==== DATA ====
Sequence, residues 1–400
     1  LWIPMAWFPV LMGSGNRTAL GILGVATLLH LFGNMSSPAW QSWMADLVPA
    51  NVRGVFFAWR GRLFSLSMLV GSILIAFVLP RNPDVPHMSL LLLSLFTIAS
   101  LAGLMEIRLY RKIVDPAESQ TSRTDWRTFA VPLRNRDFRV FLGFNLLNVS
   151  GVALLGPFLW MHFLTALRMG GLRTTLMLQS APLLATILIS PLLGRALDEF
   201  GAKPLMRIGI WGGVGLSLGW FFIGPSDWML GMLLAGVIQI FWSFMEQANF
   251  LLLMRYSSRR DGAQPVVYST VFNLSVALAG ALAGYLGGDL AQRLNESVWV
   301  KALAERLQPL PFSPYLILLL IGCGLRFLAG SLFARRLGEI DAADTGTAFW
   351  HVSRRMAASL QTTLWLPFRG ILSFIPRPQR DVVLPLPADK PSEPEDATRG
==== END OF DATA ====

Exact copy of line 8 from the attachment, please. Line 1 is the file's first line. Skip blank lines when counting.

   301  KALAERLQPL PFSPYLILLL IGCGLRFLAG SLFARRLGEI DAADTGTAFW